The DAD curve gives demandside equilibrium income levels
at different inflation rates. But as long as inflation has not been
determined, income cannot be determined.
The SAS curve gives output produced at different inflation
rates. Again, without knowing the inflation rate, output remains
unknown.
The DADSAS model combines the two curves to determine unique
values for the inflation rate and income in the current period.
What makes working with the DADSAS model a bit tricky is
first, that the position of the DAD curve depends on last period's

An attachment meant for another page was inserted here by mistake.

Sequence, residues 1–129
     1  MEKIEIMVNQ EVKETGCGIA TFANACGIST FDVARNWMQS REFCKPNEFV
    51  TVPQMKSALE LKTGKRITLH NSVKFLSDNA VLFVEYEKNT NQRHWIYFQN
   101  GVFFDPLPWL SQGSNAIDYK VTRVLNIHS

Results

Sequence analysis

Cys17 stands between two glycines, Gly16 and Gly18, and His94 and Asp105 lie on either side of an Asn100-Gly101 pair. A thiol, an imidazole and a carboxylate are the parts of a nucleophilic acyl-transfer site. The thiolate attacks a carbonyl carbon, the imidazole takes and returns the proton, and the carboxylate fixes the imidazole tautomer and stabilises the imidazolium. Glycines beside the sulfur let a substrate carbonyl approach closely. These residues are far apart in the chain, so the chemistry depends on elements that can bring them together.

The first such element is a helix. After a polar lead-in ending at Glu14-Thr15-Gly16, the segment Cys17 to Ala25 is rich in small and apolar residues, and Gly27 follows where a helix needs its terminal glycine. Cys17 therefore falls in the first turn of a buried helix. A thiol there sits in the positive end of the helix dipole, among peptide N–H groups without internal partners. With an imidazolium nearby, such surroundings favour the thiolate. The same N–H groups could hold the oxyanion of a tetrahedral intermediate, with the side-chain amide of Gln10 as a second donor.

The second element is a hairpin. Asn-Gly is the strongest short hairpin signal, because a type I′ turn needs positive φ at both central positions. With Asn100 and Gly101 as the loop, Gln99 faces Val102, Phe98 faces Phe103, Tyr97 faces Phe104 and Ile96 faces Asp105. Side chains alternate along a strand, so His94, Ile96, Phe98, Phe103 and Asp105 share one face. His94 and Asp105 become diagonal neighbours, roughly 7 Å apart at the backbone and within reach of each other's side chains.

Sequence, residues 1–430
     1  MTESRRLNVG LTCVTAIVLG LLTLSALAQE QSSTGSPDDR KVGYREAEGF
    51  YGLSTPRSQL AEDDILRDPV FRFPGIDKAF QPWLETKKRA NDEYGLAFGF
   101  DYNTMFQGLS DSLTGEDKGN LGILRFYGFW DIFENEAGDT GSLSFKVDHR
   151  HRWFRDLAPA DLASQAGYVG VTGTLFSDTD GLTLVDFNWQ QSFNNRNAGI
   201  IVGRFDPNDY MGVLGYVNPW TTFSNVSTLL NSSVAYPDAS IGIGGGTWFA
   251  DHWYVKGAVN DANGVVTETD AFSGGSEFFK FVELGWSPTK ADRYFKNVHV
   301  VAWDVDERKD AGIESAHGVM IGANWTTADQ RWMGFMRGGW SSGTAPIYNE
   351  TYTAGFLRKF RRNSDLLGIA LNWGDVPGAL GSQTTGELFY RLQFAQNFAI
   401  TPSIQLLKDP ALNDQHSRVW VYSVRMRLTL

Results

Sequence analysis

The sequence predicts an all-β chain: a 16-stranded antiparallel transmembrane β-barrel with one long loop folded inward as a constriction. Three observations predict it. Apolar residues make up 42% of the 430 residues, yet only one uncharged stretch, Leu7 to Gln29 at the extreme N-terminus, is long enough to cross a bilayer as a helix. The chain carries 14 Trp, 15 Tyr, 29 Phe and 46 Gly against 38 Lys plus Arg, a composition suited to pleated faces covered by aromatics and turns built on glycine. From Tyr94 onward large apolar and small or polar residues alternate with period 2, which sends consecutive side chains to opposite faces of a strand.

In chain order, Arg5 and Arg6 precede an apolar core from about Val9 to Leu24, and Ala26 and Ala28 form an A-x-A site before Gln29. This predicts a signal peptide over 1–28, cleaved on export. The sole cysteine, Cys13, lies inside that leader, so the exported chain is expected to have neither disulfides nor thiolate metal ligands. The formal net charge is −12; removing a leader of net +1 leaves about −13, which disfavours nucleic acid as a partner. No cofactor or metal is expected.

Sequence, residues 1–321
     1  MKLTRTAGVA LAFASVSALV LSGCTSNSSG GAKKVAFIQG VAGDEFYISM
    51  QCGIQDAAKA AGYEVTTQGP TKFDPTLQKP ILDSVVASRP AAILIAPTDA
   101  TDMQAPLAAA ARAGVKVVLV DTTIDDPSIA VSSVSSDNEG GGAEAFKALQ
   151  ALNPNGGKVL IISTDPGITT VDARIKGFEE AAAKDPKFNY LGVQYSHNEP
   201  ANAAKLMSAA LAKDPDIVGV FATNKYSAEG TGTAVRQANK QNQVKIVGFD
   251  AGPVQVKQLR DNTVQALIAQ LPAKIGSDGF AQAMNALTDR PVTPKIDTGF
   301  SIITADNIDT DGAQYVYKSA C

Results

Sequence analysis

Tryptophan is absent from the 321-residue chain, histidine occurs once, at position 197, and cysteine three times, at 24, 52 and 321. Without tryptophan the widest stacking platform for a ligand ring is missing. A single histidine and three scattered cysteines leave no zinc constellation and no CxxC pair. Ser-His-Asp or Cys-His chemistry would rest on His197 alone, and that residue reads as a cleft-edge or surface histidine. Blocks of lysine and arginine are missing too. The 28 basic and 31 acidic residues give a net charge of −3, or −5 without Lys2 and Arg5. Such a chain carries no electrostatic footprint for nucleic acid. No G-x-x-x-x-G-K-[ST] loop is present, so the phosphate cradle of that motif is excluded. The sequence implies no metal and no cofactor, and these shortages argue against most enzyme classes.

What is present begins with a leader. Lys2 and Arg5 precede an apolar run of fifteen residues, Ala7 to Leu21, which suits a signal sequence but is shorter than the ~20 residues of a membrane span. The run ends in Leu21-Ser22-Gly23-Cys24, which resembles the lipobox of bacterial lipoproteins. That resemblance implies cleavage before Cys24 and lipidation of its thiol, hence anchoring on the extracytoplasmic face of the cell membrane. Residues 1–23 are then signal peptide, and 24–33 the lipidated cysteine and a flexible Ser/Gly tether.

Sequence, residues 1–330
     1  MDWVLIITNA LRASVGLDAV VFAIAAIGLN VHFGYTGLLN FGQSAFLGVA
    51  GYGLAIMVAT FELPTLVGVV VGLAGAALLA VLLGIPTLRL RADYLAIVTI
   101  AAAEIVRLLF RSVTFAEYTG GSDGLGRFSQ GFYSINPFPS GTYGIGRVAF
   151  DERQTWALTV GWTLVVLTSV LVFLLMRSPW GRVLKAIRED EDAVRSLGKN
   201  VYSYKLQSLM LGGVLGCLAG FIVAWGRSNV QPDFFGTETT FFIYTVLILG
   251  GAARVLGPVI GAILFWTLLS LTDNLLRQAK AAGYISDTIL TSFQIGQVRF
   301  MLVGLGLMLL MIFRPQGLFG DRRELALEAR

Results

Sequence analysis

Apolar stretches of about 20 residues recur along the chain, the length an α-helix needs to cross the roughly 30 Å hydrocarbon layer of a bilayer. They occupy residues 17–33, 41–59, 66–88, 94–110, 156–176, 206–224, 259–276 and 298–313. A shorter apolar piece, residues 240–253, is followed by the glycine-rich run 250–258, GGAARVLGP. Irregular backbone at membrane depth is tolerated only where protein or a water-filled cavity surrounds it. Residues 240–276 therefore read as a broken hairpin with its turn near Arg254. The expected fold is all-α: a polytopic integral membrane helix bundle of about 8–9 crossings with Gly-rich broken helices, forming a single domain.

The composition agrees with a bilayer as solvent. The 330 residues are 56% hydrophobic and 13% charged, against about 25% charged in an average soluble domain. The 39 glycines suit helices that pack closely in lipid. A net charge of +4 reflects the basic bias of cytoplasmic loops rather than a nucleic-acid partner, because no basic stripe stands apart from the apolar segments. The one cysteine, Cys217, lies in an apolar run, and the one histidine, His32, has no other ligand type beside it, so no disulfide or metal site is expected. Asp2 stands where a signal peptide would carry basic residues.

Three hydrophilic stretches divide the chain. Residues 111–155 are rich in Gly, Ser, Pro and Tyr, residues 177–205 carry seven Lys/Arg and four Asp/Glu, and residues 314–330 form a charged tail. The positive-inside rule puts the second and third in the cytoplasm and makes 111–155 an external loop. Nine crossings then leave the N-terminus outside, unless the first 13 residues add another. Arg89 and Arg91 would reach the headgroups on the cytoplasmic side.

income. So as long as income changes (say during a recession), the
curve keeps moving.
Second, the position of the SAS curve depends on expected inflation.
Again, as long as inflation expectations change, the curve keeps
moving.
The key to working with the DADSAS model is to be able to position
the DAD curve and to position the
SAS curve properly. Once this has been mastered, the DADSAS
model proves very useful in working out the dynamic response of
a modern economy to changes in its macroeconomic environment and
to monetary and fiscal policy measures of all kinds.
To see the DADSAS model at work,
view animated display
of the dynamic responses triggered by an increase of the growth
rate of the money supply.
Further reading on pp. 195214.